AKBAB J.—5. Mooty v. Kaylayan Chetly.
.his Vilasam, were not authorized to enter into the ordinary contracts,which such a business would require to be entered into from time totime for the purchase of the necessary supplies for the carrying on ofthe business. It will be noticed that the third issue is framed in verywide terms and as no objection was taken to that issue, it was competentfor the Court to decide against the first defendant and hold that he wasliable inasmuch as he held out that the second and third defendantshad the necessary authority to make the purchases. Mr. Perera further.argued that inasmuch as the plaintiff had a claim against the appellantfor the sum of Rs. 416 odd in respect of the Colombo branch of the.appellant's business and inasmuch as the plaintiff had refused to supply*ny further goods, this was evidence that the plaintiff supplied thegoods to the Chavakachcheri branch to the second and third defendantspersonally and not on account of the first defendant. But there ishardly any evidence to support his contention. The account P 1 filedwith the plaint shows that the last item of cloth supplied by the plaintiffto the Chavakachcheri branch was on October 13, 1929. The firstdefendant in his evidence stated that it was just before Deepavali, 1929,or October, 1929, that the plaintiff refused to supply goods to his Jaffnabranch. So that the refusal by the plaintiff to supply goods, both tothe Jaffna branch and Chavakachcheri branch, was about the same time,namely, October, 1929. Mr. Perera referred to a letter, I D 3, as support-ing his argument; but that letter is only a request for the payment ofthe balance money due from the Colombo branch and asking for furtherorders for goods. The statement of accounts between the Chavakach-cheri branch and the Jaffna branch of the first defendant’s firm, 1 D 4,supports the argument of Mr. Hayley that there was a gradual fallingoff of cloth supplied by the first defendant from the Jaffna branch tothe Chavakachcheri branch during the years 1928 and 1929, which inturn shows that, when the first defendant stated in his evidence thatby the new arrangement he gave permission to the second and thirddefendants to purchase their supply direct, he must have known thatthe ordinary course of business would undoubtedly require goods beingbought on credit. The secret reservation that the first defendant statedhe made when he authorized the second and third defendants to managehis business at Chavakachcheri cannot bind outside vendors dealing withthe Chavakachcheri branch in good faith. This case, therefore, fallswithin the principle of law stated in Article 80 of Bowetead on Agency,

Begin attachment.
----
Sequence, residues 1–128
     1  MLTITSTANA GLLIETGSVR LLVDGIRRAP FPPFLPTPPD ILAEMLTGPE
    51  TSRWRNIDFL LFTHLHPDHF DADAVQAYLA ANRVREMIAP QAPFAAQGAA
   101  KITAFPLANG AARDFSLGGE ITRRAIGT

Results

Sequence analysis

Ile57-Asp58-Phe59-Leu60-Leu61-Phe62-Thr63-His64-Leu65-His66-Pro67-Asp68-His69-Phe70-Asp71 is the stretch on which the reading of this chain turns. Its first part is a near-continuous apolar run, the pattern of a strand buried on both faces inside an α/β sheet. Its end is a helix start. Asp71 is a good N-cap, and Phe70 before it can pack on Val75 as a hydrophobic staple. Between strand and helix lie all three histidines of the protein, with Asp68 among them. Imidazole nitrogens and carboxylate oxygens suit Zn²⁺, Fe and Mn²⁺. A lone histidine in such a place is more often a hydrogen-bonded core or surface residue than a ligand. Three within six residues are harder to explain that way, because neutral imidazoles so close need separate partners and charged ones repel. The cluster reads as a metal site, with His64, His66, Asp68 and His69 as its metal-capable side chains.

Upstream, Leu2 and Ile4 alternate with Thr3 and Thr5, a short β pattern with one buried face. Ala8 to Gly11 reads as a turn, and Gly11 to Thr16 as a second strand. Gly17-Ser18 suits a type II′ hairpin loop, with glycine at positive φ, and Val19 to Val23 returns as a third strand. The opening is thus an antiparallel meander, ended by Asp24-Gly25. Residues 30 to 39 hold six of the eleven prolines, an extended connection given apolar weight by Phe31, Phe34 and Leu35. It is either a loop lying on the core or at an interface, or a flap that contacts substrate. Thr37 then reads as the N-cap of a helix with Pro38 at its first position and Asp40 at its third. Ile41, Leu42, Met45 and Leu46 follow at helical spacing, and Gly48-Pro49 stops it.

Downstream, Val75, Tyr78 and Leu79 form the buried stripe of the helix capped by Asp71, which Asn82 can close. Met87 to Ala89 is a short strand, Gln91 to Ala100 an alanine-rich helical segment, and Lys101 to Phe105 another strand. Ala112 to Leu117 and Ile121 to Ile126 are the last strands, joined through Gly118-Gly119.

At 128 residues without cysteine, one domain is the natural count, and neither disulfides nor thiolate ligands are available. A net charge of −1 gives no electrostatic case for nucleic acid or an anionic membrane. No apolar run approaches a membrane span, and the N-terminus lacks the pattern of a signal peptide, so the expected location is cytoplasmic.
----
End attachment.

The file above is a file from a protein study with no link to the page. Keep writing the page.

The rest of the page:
e., every act done by an agent in the course of his employment onbehalf of the principal and within the apparent scope of his authoritybinds the principal, unless the agent was in fact not authorized to dothe particular act and the person dealing with him had notice that indoing such act he was exceeding his authority. The case cited in thejudgment of the Supreme Court, namely, Velauthanpillai v. HarmanisAppu *, supports this contention. In an action brought in the DistrictCourt of Jaffna, the second and third defendants filed a plaint claimingthe release of the seizure effected on the goods of this same boutique atthe instance of the first defendant in that case, on a judgment, whichthat first defendant had obtained against the appellant. That action
1 7 The Times of Ceylon Law Reports 155.
AKBAR J.—King ». Dharmasiriicardene.
was dismissed as against the second and third defendants in this case-and the goods seized were ordered to be sold. The second and thirddefendants failed in that action, because they could not establish apartnership between them and the appellant, but that decree is evidencethat the goods seized were recognized as the property of the appellantin this case. In my opinion the judgment of the District Judge was-right but not for all the reasons given by him. The appeal must bedismissed with costs.
S. MOTY et al. v. KAYLAYAN CHETTY